You might be reluctant to have sex with your partner, and perhaps problems with your relationship might result. So talk to your partner about your fears and grief, and if necessary talk to your doctor about your anxieties. Be aware that men and women may grieve differently. Men have a tendency not to show their feelings, but it doesn’t mean they are not grieving. Talk to your partner. Share the grief together. Don’t just assume that your partner feels nothing if they are not talking about it. Go to the doctors’ together, and even get counselling together if you feel that it is needed.

Read this mother's story about Miscarriage Grief and having a baby after miscarriage

Dandelion clock - to represent the fragility of life.

Hoping to Get Pregnant after Miscarriage?

Try to relax, keep fit and eat well. Stop smoking and drinking if you are trying to become pregnant. That applies to the father as well! 

Being a parent is a full time, seven days a week job. Enjoy the freedom of being a couple while you can. Take a holiday, start a hobby and be positive about your life. 

When you feel confident and the time is right try again. Just because you have experienced a miscarriage does not mean it will happen again. Remember, it is very common and if the doctor has reassured you that all is normal, then there is no reason to worry unduly. If you are depressed and finding it difficult to shake off the emotional pain of your miscarriage, do seek medical help. You may even find a local support group or grief counselor. Ask at your local medical practice for information.

Coping with Miscarriage and the Grief of Unsuccessful IVF

After many medical tests, many couples have to start the much anticipated family with the help of IVF. Fortunately today the procedure and success rate are much improved, but it can still take many attempts before a pregnancy takes.

When the efforts are not a success the grief can be overwhelming. The couple have lost their dream of a future family. Friends and family may not realise just how sad you can feel.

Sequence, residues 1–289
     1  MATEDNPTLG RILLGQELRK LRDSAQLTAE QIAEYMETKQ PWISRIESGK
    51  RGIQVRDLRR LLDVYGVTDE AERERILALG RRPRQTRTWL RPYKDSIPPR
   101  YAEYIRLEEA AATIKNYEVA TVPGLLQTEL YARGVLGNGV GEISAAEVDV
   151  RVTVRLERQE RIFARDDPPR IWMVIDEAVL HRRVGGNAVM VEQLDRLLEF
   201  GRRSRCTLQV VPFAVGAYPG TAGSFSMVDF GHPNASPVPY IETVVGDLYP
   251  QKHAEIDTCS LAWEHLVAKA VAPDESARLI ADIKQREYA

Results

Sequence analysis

Talk it through, tell them how you both feel and support each other. You will need time to come to terms with the fact. You still have each other and your shared love and can still have a happy life together. Your partner, family and friends are the treasures in your life. Take each day as a blessing and another pregnancy may not be far away.  

Get Private and Confidential Help in the Privacy of Your Own Home

  • Simply fill out the online questionnaire and you will be assigned the expert grief counselor most suitable for you.  It only takes a few minutes and you don't even have to use your name.  
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  • Contact your counselor whenever you like by chat, messaging, video or phone. 
  • You can change counselor at any time if you wish.
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Self-Help Hypnosis Downloads

Try a gentle hypnotherapy track to relax the mind and help you cope with your grief. We recommend Hypnosis Downloads which have been created especially for those who are grieving by qualified specialists in medical hypnotherapy.

Choose from this list of grief and loss tracks for your specific type of loss.  

Memorial Magnolia Tree

The Magnolia is one of the earth's oldest plants, with a spectacular flower which dates back 95 million years.  What a beautiful specimen to commemorate a life. 

These trees are grown by the foremost magnolia nursery in the USA and they will send a variety most suited to the recipient's climate. 

The flowers in spring will bring joy to the bereaved and help to heal their heart.

Only available in the USA. 

For Memorial Trees within the UK, click here

Heart Shaped Sterling Silver Pendant for Cremation Ashes, Engraved Forever Loved

Memorial Pendant for Cremation Ashes

Keep the ashes of your loved one close to your heart with this sterling silver engraved pendant.  

Available here from Etsy and ships worldwide.  

With Sympathy Gifts And Keepsakes

Choose from a beautiful range of sympathy gifts and keepsakes.  From jewellery to garden angels, candles, comforting books and artworks, memorial plaques, throws, wind chimes and keepsake boxes.  You will find the perfect gift to comfort a friend or relative here.  

Click here to see the whole range

Related Pages: 

A Mother's Story of Miscarriage

Books on Coping with Miscarriage

Where to Find Grief Support

> > Coping with Miscarriage